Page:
The physical dimensions of the stem are selected so that the stem body and the sleeve can be accommodated in the valve tapered seating section 20 so that when the stem and the sleeve are assembled, the dimension of the assembly meets the dimensional standards. The stem assembly is interchangeable with housings presently located in the field. Preferably, the sleeve is made from a material with a very low co-efficient of friction, is highly resistant to corrosive materials, and which can withstand high temperatures (e.g., 450° F. or the like). An example of such a material is Teflon.
Once the sleeve 80 is snugly located on the stem tapered body, a plurality of holes, such as aligned holes 90 and 92, are defined in that sleeve to be aligned with the ends of the bore or bores defined through the stem body, in this case bore 70.
The holes 90 and 92 are punched in the sleeve after the sleeve is positioned on the stem body. To emphasize this feature, the sleeve is shown in FIG. 1 as having an uninterrupted body, whereas the holes are shown in FIG. 2.
It has been found that when the tapered surface of the stem is ground to a certain surface roughness and the sleeve is pressed onto the taper so that the material is stretched slightly and then the hole is cut into the sleeve to match the hole in the stem, the sleeve, after it is assembled onto the body, does not move and produces a positive sealing surface without requiring the addition of any lubricant.
An adjustment assembly 100 is attached to the stem distal portion and permits adjustments to be made to accommodate expansion and contraction, insure positive sealing force under high pressure application, and to allow for other dimensional changes, as well as to permit positive sealing under high vacuum applications.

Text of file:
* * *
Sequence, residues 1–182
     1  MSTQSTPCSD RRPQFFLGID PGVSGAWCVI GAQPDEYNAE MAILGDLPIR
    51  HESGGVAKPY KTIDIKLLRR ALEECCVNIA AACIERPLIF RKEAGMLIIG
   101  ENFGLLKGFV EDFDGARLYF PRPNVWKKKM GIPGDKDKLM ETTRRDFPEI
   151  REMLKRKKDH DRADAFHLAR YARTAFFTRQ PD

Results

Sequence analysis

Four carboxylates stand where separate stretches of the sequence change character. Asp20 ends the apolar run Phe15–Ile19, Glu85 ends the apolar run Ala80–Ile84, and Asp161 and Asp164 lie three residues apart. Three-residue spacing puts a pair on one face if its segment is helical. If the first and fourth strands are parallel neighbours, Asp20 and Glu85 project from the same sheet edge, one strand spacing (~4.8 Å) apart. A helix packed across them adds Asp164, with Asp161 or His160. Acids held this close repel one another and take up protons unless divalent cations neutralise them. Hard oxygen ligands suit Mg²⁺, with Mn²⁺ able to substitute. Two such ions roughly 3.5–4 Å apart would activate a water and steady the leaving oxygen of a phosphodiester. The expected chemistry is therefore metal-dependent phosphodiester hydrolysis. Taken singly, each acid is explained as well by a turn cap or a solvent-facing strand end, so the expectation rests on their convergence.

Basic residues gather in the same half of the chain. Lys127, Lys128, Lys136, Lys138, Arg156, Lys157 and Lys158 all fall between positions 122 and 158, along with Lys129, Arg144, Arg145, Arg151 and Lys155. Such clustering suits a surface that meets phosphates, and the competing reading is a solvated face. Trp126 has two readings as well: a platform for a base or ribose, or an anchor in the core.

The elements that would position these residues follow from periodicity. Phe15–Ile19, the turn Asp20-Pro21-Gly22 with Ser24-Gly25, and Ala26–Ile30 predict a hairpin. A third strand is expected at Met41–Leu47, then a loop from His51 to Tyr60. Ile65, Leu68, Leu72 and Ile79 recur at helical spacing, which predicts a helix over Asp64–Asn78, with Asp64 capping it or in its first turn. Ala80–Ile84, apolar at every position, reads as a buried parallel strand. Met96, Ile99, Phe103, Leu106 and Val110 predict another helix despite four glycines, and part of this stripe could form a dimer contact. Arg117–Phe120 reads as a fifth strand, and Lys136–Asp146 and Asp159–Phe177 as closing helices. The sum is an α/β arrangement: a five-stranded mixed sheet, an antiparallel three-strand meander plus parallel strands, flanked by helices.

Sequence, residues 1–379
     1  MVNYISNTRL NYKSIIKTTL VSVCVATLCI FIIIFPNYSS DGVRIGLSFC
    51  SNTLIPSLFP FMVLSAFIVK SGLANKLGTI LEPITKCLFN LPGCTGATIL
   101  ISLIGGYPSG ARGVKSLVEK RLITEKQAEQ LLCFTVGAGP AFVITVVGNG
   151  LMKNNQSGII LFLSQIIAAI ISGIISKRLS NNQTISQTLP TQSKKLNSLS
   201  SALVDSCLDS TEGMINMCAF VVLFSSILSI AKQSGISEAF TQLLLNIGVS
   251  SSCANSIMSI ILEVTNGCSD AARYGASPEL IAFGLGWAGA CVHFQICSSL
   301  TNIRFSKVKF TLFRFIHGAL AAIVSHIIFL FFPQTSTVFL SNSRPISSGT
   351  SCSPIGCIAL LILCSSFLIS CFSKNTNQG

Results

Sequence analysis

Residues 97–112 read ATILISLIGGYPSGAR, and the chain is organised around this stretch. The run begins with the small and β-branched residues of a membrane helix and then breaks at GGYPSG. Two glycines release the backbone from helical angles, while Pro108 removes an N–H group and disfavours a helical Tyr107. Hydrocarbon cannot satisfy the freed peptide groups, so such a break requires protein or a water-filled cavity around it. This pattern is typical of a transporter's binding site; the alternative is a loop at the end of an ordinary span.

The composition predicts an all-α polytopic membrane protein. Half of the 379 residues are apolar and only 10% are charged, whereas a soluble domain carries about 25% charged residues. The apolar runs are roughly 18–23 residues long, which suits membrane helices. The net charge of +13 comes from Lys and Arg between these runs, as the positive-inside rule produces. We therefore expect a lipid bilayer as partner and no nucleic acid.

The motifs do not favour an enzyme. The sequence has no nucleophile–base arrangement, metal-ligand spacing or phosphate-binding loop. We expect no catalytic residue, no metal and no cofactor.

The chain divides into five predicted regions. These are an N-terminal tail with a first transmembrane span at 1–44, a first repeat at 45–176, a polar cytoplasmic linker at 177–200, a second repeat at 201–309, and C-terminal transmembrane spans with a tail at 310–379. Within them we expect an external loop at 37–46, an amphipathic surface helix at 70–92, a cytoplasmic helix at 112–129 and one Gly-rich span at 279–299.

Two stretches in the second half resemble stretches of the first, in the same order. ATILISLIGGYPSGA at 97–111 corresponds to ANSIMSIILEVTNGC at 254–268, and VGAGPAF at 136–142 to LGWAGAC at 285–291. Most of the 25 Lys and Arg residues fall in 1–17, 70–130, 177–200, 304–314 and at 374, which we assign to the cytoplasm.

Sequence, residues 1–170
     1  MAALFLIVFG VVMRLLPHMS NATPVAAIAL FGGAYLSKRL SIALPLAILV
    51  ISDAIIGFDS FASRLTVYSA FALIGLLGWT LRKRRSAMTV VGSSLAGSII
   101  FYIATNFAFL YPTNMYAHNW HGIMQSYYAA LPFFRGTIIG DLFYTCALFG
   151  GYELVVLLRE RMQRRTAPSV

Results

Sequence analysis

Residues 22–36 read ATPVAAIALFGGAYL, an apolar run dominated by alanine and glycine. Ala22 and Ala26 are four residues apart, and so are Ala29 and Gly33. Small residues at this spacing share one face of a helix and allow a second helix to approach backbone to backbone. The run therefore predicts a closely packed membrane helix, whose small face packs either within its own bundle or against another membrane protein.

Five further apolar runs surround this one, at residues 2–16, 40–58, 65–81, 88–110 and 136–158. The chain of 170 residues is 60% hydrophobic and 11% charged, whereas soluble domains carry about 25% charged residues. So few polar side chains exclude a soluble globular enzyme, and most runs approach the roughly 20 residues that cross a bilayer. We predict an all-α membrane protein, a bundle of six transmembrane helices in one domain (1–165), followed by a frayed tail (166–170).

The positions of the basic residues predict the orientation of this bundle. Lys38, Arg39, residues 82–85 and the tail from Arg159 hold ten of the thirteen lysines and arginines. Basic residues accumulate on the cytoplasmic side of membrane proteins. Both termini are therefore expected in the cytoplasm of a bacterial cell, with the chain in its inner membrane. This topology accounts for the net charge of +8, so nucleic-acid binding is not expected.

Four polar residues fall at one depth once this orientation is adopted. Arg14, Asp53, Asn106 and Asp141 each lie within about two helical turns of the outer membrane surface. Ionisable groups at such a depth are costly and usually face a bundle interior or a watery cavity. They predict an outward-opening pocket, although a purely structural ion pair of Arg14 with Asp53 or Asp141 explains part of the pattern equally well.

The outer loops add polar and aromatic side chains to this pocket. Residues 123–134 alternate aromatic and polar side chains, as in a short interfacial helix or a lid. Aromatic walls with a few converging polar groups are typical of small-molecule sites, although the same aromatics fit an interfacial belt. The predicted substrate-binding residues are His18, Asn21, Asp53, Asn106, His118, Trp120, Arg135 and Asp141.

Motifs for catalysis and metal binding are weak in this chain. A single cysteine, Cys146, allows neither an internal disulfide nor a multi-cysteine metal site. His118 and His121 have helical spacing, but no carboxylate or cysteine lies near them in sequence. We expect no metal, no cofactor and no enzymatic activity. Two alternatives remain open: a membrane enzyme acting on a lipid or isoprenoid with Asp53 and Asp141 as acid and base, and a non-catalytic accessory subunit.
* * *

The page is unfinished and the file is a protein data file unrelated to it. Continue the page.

The adjustment assembly 100 includes screw threads 64 and 66 and the flats 50 and 52 are on the stem distal portion. A nut 102 is threadably coupled to the stem distal end by threads 64 and 66, and a washer 104 is positioned on the distal end to be interposed between the locknut 102 and rim 38. Preferably, the washer is formed of a plastic-type material.
As best shown in FIG. 3, the washer has a polygonal opening 108 which is shaped to include a pair of arcuate ends 110 and 112 to accommodate arcuate threaded portions 64 and 66 on the stem distal end portion and to include planar portions 118 and 120 to accommodate the planar flats 50 and 52.
If the nut 102 were to be placed directly onto the stem distal end, the face of the nut would engage rim 38 of the body and friction between the body and the nut would tighten or loosen the nut, depending upon the direction of stem rotation.